Troubling features

There were several troubling features about the agreement.

It would have distanced CMR further from the underground mining project.

It assigned the responsibility to Sumdev on behalf of Sefateng to raise funding to construct the mine.

It set a price formula which left Sefateng with a very limited slice of the income, but with significant and unquantified liabilities.

In particular, it made provision for Sefateng to pay the contract miner, MTC, R580 per ton. In turn, Sefateng would receive R680 per ton from Sumdev, which would then sell the ore on the open market and pocket the profit. Though Sumdev was dominated by Traxys, smaller shareholders like the premier’s brother would share in the spoils.

That split left Sefateng with just R100 per ton.

However, during the time that the loan used to construct and sustain the mine remained outstanding, Sumdev was entitled to deduct R60 per ton to service that loan.

That left Sefateng with R40 per ton, but from this it was required to run its own management operation, pay some water and electricity costs as well as assume what the agreement calls “regulatory expenditure”, namely the payment of mining royalties, social and labour plan costs – as well as environmental costs, including mine rehabilitation.

No detailed feasibility study was done (prior to the signature of the agreement) that would quantify the risks and benefits to the various parties.

And some of those parties appear to be inherently conflicted in relation to Sefateng’s interests – meaning that there was a risk that the various intercompany transactions were not structured in a way that was fair to Sefateng (and its state-owned 55% shareholder, CMR).

Concerns raised

Even before the Sumdev agreement was signed in 2015, one director representing CMR raised what appear to be legitimate concerns about the contract.

Kabela Maroga, a chartered accountant, raised questions about the structure of the transaction.

In November 2015, she wrote to the Sefateng board asking why the mining contractor (MTC) and buyer (Traxys) were locked in for the life of the mine without a clause that allowed for renewal or renegotiation.

She said the offtake agreement was particularly concerning because, “We do not yet know … how long it will take to repay the capital, without having done a proper life of mine financial valuation.”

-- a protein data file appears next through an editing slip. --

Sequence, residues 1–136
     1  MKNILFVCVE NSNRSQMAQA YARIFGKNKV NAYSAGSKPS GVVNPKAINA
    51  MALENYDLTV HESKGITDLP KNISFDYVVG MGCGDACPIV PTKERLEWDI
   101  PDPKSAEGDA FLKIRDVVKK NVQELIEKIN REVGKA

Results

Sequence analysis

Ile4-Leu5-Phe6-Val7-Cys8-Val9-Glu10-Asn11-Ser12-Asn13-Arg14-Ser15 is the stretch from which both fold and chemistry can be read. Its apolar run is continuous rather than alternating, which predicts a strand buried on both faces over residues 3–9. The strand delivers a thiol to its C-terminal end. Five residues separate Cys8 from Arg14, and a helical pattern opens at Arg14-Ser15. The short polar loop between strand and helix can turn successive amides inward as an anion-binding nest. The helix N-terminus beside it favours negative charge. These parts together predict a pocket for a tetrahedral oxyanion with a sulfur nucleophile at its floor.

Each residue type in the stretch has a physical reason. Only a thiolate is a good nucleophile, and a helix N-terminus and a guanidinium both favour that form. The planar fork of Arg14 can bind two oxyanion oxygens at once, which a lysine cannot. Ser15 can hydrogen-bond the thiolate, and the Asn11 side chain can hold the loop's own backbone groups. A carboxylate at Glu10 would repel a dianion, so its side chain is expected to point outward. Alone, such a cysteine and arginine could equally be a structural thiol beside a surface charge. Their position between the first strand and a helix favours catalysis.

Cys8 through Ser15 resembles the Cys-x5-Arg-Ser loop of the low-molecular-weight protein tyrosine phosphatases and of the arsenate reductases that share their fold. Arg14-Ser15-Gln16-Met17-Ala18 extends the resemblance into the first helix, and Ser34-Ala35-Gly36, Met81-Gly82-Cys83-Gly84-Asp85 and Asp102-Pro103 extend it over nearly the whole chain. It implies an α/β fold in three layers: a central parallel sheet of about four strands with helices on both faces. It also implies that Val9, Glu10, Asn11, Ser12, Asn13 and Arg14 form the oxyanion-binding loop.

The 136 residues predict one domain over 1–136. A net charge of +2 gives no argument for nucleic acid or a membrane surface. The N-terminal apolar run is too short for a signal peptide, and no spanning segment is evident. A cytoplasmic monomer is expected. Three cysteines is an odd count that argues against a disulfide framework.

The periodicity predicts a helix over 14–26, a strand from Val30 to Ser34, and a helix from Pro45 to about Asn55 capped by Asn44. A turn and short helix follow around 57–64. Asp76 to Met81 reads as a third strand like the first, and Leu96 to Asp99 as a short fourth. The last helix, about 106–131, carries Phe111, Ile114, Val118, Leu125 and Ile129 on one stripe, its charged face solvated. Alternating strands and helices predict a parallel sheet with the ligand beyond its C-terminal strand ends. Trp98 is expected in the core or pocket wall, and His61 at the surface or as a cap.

The agreement however provided for “suspensive conditions” that needed to be fulfilled before the agreement became fully operational.

Among these was a requirement that by 30 November 2019 Sumdev would source funding for the costs of building the underground mine.

Presumably reassured by the suspensive conditions – which included the delivery of a satisfactory feasibility study – Sefateng signed the Sumdev agreement on 18 December 2015.

Complex structures

 Given that the entire three-way mining deal was premised on accurate accounting, it is noticeable that CMR had very poor insight as to what was actually happening at the mine.

For instance, minutes of a board meeting on 11 September 2018 record Maroga complaining pointedly about the financial opaqueness of the operations.

 In 2019 matters came to a head.

On 12 March 2019 a presentation was made concerning the revised funding structure that Sumdev had come up with ahead of the 30 November 2019 deadline.

A slide on the role-players introduced Traxys as the “sponsor” – an integrated trading company, with over US$6-billion turnover and with “access to a US$1.5-billion multicurrency syndicated revolving credit facility”.

Nedbank was introduced as the project funder, with the bank aiming, according to the presentation, “to get a larger part of the revolving credit facility” with Traxys.

In other words, Nedbank wanted a slice of Traxys’s global trade finance business.

The slide explained that Nedbank required the formation of a ring-fenced entity that had no assets or liabilities other than the Sefateng underground mine. So, a new entity would be formed for that purpose.

But Sefateng (55% owned by CMR) which holds the mining right, would be the guarantor for the Nedbank loan.

If things went badly, CMR and ultimately the provincial Leda would be on the hook.

One slide mentioned that a risk factor was the “complex structure”.

CMR calls time-out

Despite the complexity, there was a rush to get the deal approved.

On 5 June 2019, Sefateng directors were persuaded to sign approval for agreements that were not yet finalised.

But the following day, CMR chief executive Kabu Nkadimeng, who served on the Sefateng board, called time-out.

He queried the approval in principle of the deal, when two studies, a legal and financial review, had not been completed.

He withdrew his support.

Nkadimeng, supported by Moroga, called for a full legal and financial review.

In response Blaauw wrote: “Unfortunately we do not have the luxury of time to conduct this review. (A delay of this nature will cost us easily R30m to R60m and we will have to retrench staff).”

On 21 June 2019, another board meeting took place.